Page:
This 1915 Boonton, NJ, Fire Department horse-drawn steamer was named “Best in Show” at the recent 45th annual Firemen’s Fair and Muster hosted by the Newark Fire Department Historical Association and Newark Museum. The event honors Newark firefighters who died in the line of duty and the technology, dedication, and commitment of Newark and New Jersey firefighters past and present. Antique and modern fire apparatus, memorabilia, firefighter cooking and bagpipes were featured. Many antique fire vehicles were displayed from as far back as the 1890s.
Photo credit: Photo by Freddy Tenore/Newark FD
BROOKLYN, NY: AUG. 1, 1912 – Shortly after 10 A.M., there was a grating sound at a construction site at Hoyt and Livingston streets. Twenty workers looked up as a mass of girders supporting the unfinished roof collapsed. Bricks and steelwork fell, burying many workers. An FDNY hook-and-ladder company arrived quickly, placed the aerial ladder to a window and entered the building. Doing careful work, the firefighters extricated five workmen from the twisted wreckage. The men were taken to a nearby hospital in serious condition.
PITTSBURGH, PA: AUG. 7, 1912 – Three girls were killed and a dozen were seriously injured when a water tank on top of the Union American Cigar Co. building, at 28th and Smallman streets collapsed. The newly erected tank was having water pumped into it for the first time when the supports gave way. The tank, its supports, sections of the roof and 3,000 gallons of water plunged through the building, trapping a number of workers. Firefighters arrived quickly and began the rescue work.
CORLU, TURKEY: AUG. 9, 1912 – A severe earthquake upset an oil lamp that started a conflagration. As the inhabitants ran excitedly into the streets, frightened by the shaking of the buildings and the ground around them, the fire began to spread. More than 300 houses were in flames and the fire was still spreading as night fell. Other cities in the area were suffering the same fates as major fires burned in Gallipoli, Ganos-Hora, Myriophite and Shar-Koi. The collapsing buildings and the fires that followed killed hundreds of people.
CORNWALLVILLE, NY: AUG. 9, 1912 – Shady Glen, one of the best-known hotels in the Catskills, was destroyed by a fire while most of the guests were away attending a masquerade ball. The fire was discovered in the laundry and spread rapidly. With no fire department in the town closest to the hotel, Cornwallville, a mile away, the fire expanded until the building was fully involved. The occupants and staff lost everything they had.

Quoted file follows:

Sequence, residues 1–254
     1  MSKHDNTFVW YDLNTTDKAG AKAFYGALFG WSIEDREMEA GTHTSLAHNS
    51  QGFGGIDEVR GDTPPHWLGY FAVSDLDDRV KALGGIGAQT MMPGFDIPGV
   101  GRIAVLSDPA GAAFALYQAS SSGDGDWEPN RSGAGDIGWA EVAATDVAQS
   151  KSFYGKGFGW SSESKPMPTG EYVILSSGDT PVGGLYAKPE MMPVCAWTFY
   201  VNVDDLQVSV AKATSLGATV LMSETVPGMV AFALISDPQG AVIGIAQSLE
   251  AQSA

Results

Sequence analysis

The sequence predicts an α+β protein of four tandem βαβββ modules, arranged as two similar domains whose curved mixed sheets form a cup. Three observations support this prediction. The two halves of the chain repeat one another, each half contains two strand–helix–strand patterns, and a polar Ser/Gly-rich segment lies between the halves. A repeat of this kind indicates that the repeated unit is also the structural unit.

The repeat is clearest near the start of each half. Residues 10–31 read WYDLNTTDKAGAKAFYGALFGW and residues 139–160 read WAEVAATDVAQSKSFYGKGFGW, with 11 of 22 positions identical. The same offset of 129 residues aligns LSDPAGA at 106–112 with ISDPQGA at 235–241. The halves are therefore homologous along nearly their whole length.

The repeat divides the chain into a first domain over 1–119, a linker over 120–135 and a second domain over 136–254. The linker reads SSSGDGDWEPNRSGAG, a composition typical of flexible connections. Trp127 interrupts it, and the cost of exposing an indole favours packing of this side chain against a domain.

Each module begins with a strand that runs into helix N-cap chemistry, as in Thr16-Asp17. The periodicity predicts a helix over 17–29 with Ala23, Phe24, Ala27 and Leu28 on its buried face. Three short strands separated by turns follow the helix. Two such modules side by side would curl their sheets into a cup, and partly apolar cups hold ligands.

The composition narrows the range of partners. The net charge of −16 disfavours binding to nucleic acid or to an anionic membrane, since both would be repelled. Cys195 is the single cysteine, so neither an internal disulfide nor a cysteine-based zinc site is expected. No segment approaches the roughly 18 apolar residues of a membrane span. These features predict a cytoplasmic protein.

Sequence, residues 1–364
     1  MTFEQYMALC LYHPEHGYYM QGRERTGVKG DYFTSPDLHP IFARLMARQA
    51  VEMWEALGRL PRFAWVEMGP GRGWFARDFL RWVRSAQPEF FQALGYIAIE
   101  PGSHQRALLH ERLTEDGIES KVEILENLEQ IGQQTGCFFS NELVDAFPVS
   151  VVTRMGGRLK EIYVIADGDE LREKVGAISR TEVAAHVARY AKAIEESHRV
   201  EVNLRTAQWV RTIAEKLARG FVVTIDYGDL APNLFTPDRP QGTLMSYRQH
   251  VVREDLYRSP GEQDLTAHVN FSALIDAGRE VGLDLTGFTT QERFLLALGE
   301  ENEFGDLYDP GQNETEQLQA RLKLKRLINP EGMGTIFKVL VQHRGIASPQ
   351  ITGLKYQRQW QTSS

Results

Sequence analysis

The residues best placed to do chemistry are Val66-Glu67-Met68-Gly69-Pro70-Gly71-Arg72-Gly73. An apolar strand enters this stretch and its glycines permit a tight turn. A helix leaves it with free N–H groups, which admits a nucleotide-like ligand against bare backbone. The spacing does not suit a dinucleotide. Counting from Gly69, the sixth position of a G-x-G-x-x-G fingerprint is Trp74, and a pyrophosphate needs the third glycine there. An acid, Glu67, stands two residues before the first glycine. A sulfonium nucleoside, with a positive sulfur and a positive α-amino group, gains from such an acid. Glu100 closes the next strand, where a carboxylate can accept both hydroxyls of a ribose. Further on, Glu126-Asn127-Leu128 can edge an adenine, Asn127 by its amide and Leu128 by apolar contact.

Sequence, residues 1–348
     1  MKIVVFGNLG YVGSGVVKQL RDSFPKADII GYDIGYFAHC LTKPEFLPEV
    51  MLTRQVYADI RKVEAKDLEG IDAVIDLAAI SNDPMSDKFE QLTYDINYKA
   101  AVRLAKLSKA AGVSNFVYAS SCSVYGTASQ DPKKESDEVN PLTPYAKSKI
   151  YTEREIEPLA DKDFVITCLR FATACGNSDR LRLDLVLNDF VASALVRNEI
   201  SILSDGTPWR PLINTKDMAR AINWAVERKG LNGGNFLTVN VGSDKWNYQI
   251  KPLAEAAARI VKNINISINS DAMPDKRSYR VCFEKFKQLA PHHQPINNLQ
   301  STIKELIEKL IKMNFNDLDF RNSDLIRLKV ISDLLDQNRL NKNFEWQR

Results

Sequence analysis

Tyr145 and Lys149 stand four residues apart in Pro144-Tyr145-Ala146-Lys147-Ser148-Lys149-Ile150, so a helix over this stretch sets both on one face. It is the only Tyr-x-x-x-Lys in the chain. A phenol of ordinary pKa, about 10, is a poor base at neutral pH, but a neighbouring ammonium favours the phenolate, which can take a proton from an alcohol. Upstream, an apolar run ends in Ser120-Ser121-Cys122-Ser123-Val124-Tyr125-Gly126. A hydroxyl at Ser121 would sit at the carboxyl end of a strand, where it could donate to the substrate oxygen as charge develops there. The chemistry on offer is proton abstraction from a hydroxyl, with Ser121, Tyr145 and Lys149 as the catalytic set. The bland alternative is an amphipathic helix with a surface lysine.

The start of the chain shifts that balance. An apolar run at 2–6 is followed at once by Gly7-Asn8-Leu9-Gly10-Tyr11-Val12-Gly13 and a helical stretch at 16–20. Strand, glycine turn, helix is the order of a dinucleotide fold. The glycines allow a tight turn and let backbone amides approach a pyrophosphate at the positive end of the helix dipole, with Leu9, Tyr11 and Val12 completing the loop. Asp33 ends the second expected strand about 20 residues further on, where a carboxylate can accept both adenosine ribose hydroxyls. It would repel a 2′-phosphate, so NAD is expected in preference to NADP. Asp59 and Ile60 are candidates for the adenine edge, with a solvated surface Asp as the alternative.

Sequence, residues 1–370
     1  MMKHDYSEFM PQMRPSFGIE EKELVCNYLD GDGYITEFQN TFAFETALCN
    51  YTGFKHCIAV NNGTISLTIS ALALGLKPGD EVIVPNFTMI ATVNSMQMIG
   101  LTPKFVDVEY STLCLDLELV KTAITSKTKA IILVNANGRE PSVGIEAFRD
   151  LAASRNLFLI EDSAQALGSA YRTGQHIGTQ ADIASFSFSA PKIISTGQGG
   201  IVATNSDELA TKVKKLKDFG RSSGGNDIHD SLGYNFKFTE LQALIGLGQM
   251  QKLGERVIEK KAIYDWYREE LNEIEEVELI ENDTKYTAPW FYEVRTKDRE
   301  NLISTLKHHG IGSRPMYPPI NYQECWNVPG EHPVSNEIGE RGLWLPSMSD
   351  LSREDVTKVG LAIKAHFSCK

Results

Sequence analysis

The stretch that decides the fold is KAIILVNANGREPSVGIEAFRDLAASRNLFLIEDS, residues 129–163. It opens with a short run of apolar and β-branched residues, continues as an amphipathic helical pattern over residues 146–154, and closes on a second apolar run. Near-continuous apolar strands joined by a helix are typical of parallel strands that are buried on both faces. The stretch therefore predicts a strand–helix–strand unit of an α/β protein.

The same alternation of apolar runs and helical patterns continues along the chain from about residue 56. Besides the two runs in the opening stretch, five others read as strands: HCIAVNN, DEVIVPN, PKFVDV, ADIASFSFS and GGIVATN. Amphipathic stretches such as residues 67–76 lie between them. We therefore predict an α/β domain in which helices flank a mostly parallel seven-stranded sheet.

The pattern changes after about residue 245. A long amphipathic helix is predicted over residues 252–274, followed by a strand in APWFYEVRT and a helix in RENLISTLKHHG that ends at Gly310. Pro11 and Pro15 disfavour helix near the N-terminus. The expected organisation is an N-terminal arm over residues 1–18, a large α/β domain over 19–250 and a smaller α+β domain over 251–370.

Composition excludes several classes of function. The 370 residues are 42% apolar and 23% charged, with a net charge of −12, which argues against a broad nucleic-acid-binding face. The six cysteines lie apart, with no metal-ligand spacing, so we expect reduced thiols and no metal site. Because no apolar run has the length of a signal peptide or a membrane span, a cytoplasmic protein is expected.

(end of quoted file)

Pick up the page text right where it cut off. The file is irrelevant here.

NEW YORK CITY: AUG. 10, 1912 – Hot cinders from a steam locomotive set fire to the transfer station of the New York Central Railroad on Pier 72 at 33rd Street. The flames spread to the pier as firefighters were arriving. Members of Engine 26 stretched a line of hose out toward the end of the pier to help fight the fire from the water side where three fireboats were operating. The blaze, fanned by a breeze, ate away at the roof supports and caused it to collapse. As it fell, it took three firefighters with it into the river. Luckily, they swam to safety. The fire extended to the adjacent pier, but was extinguished quickly.
LONDON, ENGLAND: AUG. 24, 1912 – A fire in the British General Post Office caused worldwide speculation and alarm. Even though the flames were limited to the telegraph department, for a time banks across Europe were worried the fire would extend to the mails and the vast money orders departments. The fire did not damage those, but did temporarily knock out virtually all of the international telegraphic capabilities of the nation.
CHICAGO, IL: AUG. 24, 1912 – A fire in the Chicago Golf Club’s clubhouse caused serious damage, but did not stop the venue from hosting the National Amateur Championship the following month. The fire was first noticed as flames shot up through the roof, causing members and guests playing out on the course to hurry back to the blazing building. A makeshift bucket brigade of judges, bankers and athletes struggled to stop the spreading flames. Except for one wing, the clubhouse was destroyed.
ROSLYN, NY: AUG. 28, 1912 – With smoke-blackened faces, a score of New York millionaires who are members of the Ros-lyn Volunteer Fire Department labored in a futile attempt to save a $300,000 ($12 million in today’s value) home that was one of the showplaces of the exclusive summer colony. Their inability to save the structure was due to severe water problems, but they did remove a substantial amount of furnishings, rare art treasures and other valuables from the blazing structure.